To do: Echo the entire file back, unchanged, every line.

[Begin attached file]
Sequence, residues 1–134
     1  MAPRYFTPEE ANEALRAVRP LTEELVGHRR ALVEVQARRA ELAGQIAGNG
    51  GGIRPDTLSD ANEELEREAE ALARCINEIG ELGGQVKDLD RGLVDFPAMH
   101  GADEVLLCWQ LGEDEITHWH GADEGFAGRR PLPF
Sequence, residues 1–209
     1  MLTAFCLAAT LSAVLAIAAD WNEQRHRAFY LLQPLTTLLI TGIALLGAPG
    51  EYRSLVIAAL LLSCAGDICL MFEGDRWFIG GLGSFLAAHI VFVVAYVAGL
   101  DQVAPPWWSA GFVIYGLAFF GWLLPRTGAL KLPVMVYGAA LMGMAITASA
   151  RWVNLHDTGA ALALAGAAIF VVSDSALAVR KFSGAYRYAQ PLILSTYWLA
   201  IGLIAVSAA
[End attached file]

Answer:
Sequence, residues 1–134
     1  MAPRYFTPEE ANEALRAVRP LTEELVGHRR ALVEVQARRA ELAGQIAGNG
    51  GGIRPDTLSD ANEELEREAE ALARCINEIG ELGGQVKDLD RGLVDFPAMH
   101  GADEVLLCWQ LGEDEITHWH GADEGFAGRR PLPF
Sequence, residues 1–209
     1  MLTAFCLAAT LSAVLAIAAD WNEQRHRAFY LLQPLTTLLI TGIALLGAPG
    51  EYRSLVIAAL LLSCAGDICL MFEGDRWFIG GLGSFLAAHI VFVVAYVAGL
   101  DQVAPPWWSA GFVIYGLAFF GWLLPRTGAL KLPVMVYGAA LMGMAITASA
   151  RWVNLHDTGA ALALAGAAIF VVSDSALAVR KFSGAYRYAQ PLILSTYWLA
   201  IGLIAVSAA